The humble savoury fruit tomato that is used in numerous dishes and even drinks is a treasure trove of beneficial nutrients. One of the most important one is the antioxidant lycopene, which is credited with a number of its major health benefits to the human body, including reduction of risk of heart diseases and according to some research, certain types of cancers as well. Tomatoes are also great sources of Vitamins C, K as well as folate and potassium. A new study has now said that a diet rich in tomatoes may help reduce risks of prostate cancer. The study indicated that men who consumed over 10 portions of tomatoes may have better chances of not developing prostate cancer. The cancer targets the prostate gland, which is a tiny walnut-sized organ that produces seminal fluid.
The study was published in the journal 'Cancer Epidemiology Biomarkers and Prevention'. The study said that prostate cancer is the second most widely diagnosed cancer in men worldwide and the rates of this cancer are higher in developed countries as compared to developing countries. This may be due to the westernized diets lifestyle, said the study. The study was conducted by researchers at the Universities of Bristol, Cambridge and Oxford. They looked at the diets and lifestyle of 1,806 men with prostate cancer, aged between 50 and 69 years. They compared these with diets and lifestyle of 12,005 cancer-free men.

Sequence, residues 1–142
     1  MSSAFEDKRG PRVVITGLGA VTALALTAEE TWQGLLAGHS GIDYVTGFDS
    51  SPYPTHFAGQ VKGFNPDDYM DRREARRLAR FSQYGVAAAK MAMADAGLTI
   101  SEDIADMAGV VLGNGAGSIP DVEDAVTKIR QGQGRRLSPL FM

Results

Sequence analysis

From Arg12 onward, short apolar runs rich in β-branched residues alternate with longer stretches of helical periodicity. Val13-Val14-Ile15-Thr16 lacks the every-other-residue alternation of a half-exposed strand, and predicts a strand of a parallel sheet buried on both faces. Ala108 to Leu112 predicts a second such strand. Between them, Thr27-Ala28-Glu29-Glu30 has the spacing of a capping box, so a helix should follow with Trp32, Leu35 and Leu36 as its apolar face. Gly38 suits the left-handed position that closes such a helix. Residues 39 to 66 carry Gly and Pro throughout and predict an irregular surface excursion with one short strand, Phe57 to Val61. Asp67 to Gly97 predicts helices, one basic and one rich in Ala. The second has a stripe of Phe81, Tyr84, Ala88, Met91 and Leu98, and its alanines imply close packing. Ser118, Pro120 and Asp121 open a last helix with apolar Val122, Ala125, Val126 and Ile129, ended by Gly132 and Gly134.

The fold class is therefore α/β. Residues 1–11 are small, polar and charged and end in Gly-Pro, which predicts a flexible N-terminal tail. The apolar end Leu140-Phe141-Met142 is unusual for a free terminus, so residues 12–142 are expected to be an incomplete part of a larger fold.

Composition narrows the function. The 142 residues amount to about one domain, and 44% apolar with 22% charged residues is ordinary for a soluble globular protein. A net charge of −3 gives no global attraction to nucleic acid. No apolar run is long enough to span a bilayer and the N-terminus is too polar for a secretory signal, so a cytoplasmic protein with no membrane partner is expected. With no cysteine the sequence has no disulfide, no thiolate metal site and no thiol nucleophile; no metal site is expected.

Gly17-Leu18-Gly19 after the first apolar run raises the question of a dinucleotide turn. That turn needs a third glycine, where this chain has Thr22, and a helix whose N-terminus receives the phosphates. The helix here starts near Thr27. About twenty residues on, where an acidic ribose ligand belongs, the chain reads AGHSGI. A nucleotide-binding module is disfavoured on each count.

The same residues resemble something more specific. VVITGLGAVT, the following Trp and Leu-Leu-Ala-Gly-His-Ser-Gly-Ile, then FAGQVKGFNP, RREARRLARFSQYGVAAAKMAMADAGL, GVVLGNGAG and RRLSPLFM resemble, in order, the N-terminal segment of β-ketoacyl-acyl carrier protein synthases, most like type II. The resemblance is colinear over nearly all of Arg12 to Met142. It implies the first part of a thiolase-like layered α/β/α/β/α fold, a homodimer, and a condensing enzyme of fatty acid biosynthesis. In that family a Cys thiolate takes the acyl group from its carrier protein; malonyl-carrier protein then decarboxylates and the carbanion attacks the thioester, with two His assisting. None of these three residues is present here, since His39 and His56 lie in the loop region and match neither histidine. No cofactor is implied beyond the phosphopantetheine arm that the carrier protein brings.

A number of dietary elements were identified as key to reducing risks of prostate cancer, among which were tomatoes and their products and baked beans. Consumption of over 10 portions of tomatoes per week was found to reduce risks of prostate cancer by 18 per cent and this is thought to be due to the presence of lycopene in tomatoes, which fights of toxins that cause cell damage. Vanessa Er, from the School of Social and Community Medicine at the University of Bristol and Bristol Nutrition BRU, who led the research said, "Our findings suggest that tomatoes may be important in prostate cancer prevention. However, further studies need to be conducted to confirm our findings, especially through human trials. Men should still eat a wide variety of fruits and vegetables, maintain a healthy weight and stay active."
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